But that awareness, which I would say both about your legal rights and those kinds of things, but also awareness of mental health—that the symptoms that you're experiencing are the result of a disease, and not just, you know, “I'm feeling a little different today than I was yesterday,” or “I felt different for a few weeks,”—that those things actually could signify the mental health condition. And then there's an appropriate treatment for that. Lacking that awareness, obviously, you're not going to necessarily seek medical treatment from a professional if you don't even understand that you have a mental health condition.

A third problem is that there is a lack of access to mental health treatment, which I would put in a couple of different kinds of subbuckets since I’m using this bucket analogy. So, one problem is that mental health careers for individuals who are in educational institutions are not necessarily as attractive as they could be. We don't have enough people in the pipeline going into those fields. We don't have enough people in those fields right now; just as in many other areas of the health care profession, there are provider shortages. And I think that is also exacerbated by the issue that's probably most germane, kind of directly germane to our work, which is that when it comes to coverage of health conditions, that parity is often not being realized in letter, let alone in spirit.

What I mean by parity is there's a federal law that's been on the books for over 15 years that essentially stands for pretty basic proposition. That proposition is that when you're receiving treatment for a condition—it shouldn't matter whether that's a traditional medical surgical condition or a mental health or substance use condition—that you shouldn't be discriminated against on that basis, the coverage really should be equivalent across the board.

You can think of it as things like if I sprained my ankle, and I get 15 visits, do I also get 15 visits for something that's equivalent, right? Outpatient treatment, meeting with a therapist for mild depression, right? Do you say that it's 15 visits for the sprained ankle with the PT [physical therapist], but it's only 5 with an LCSW [licensed clinical social worker] for your mild depression? That's a very basic example of what it looks like when parity is not being met, just to illustrate the concept.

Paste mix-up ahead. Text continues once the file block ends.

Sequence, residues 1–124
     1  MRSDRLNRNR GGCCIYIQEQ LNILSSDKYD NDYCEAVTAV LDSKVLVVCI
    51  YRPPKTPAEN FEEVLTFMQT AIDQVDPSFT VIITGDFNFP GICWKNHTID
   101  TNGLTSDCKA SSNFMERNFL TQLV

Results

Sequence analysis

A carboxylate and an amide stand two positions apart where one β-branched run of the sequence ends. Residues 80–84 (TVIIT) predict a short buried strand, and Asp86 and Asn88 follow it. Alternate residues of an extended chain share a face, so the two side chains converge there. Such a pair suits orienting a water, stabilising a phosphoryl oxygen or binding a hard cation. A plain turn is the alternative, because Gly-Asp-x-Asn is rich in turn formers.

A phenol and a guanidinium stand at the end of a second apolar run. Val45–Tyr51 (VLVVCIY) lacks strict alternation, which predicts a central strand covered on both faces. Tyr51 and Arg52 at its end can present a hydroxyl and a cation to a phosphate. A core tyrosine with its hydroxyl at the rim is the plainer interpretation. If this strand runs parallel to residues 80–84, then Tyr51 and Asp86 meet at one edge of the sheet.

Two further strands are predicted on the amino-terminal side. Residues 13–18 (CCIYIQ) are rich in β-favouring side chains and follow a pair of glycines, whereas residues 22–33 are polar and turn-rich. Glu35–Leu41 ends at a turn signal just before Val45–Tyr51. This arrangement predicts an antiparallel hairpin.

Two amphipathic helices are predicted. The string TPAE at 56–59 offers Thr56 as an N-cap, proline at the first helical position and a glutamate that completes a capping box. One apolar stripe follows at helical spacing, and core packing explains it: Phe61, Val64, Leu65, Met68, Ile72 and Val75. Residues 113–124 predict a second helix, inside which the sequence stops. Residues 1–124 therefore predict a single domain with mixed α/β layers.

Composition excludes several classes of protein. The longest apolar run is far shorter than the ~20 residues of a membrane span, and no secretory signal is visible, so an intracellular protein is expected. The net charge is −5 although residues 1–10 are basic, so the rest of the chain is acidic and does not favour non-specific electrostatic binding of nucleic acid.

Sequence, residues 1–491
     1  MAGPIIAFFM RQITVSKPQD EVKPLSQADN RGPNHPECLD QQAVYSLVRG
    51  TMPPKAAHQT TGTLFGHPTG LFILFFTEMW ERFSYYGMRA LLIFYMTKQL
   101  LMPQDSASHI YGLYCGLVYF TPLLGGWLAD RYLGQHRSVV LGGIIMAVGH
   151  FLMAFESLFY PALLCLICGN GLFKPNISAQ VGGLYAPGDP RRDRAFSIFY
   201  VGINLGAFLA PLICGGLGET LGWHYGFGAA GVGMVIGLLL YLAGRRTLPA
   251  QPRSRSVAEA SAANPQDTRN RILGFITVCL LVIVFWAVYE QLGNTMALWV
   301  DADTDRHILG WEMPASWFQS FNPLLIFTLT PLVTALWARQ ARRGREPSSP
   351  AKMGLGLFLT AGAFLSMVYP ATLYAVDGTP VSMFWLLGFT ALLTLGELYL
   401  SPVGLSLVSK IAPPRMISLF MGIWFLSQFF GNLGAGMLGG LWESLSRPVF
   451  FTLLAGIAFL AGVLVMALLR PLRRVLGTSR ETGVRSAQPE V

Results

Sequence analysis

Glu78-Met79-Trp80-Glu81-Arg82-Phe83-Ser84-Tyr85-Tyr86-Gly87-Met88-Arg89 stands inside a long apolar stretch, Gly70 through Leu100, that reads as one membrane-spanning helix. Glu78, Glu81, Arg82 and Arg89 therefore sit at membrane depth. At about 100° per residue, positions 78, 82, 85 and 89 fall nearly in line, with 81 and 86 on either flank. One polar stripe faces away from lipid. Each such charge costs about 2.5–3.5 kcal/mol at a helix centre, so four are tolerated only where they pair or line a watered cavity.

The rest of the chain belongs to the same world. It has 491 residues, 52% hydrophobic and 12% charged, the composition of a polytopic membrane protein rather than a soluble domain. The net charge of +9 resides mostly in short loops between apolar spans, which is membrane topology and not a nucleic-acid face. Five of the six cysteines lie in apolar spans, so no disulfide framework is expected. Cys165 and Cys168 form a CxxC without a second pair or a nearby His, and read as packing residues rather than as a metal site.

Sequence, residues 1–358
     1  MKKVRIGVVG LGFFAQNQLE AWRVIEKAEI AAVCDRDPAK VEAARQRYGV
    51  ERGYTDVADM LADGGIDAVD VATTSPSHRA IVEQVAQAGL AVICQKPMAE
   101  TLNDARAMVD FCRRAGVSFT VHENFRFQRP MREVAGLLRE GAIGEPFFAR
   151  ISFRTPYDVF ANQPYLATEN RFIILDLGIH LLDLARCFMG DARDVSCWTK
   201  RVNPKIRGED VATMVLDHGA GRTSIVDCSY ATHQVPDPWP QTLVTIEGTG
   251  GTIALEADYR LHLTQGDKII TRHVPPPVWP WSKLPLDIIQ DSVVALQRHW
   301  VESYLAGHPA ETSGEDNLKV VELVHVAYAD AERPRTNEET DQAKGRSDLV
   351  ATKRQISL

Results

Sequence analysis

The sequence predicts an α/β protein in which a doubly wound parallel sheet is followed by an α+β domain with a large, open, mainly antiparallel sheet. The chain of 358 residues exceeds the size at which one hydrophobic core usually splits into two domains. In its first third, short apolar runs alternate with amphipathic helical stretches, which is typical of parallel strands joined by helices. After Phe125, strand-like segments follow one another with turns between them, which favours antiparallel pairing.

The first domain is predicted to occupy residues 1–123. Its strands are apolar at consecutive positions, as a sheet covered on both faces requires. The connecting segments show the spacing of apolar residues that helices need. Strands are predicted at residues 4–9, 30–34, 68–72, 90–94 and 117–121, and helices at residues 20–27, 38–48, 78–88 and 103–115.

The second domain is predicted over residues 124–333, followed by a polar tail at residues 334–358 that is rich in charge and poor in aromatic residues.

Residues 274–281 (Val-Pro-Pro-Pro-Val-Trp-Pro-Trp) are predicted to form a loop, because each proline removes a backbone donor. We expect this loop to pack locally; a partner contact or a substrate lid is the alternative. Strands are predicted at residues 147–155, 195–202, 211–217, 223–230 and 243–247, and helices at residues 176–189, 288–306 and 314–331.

May is Mental Health Month and Asian American, Native Hawaiian, and Pacific Islander Heritage Month. What’s important about this convergence?

When you look at the data, it's not that Asian Americans and Pacific Islanders have no prevalence of mental health in that community. But there is a significantly lower likelihood that they're going to seek mental health treatment. So part of what we're trying to address this month, in particular, but throughout the year, is any kind of sense of stigma that people have around mental health or substance use conditions. I don't think any of us view it as a character flaw. We don't view it as something to be ashamed of. We believe very deeply that just like any other health condition if it's covered by your insurance, you deserve to get the treatment that you are promised. And the mere fact that it is a mental health or substance use condition should not shy you away from exercising your rights.


1. Mental and behavioral health - Asian Americans. HHS Office of Minority Health. Accessed May 25, 2024.

2. Duszynski-Goodman L, Henderson L. Mental health statistics and facts. Forbes. February 21, 2024. Accessed May 25, 2024.